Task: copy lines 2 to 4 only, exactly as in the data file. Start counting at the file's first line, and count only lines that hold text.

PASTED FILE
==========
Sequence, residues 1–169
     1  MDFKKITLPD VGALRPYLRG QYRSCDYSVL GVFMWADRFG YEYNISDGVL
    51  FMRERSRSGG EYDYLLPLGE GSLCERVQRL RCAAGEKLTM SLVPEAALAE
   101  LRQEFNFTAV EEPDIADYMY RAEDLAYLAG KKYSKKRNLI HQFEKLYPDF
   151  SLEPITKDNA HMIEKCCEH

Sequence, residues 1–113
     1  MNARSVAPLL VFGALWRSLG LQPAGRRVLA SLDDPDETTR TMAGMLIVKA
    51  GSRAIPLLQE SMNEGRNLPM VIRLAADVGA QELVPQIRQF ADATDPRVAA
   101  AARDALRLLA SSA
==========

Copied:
     1  MDFKKITLPD VGALRPYLRG QYRSCDYSVL GVFMWADRFG YEYNISDGVL
    51  FMRERSRSGG EYDYLLPLGE GSLCERVQRL RCAAGEKLTM SLVPEAALAE
   101  LRQEFNFTAV EEPDIADYMY RAEDLAYLAG KKYSKKRNLI HQFEKLYPDF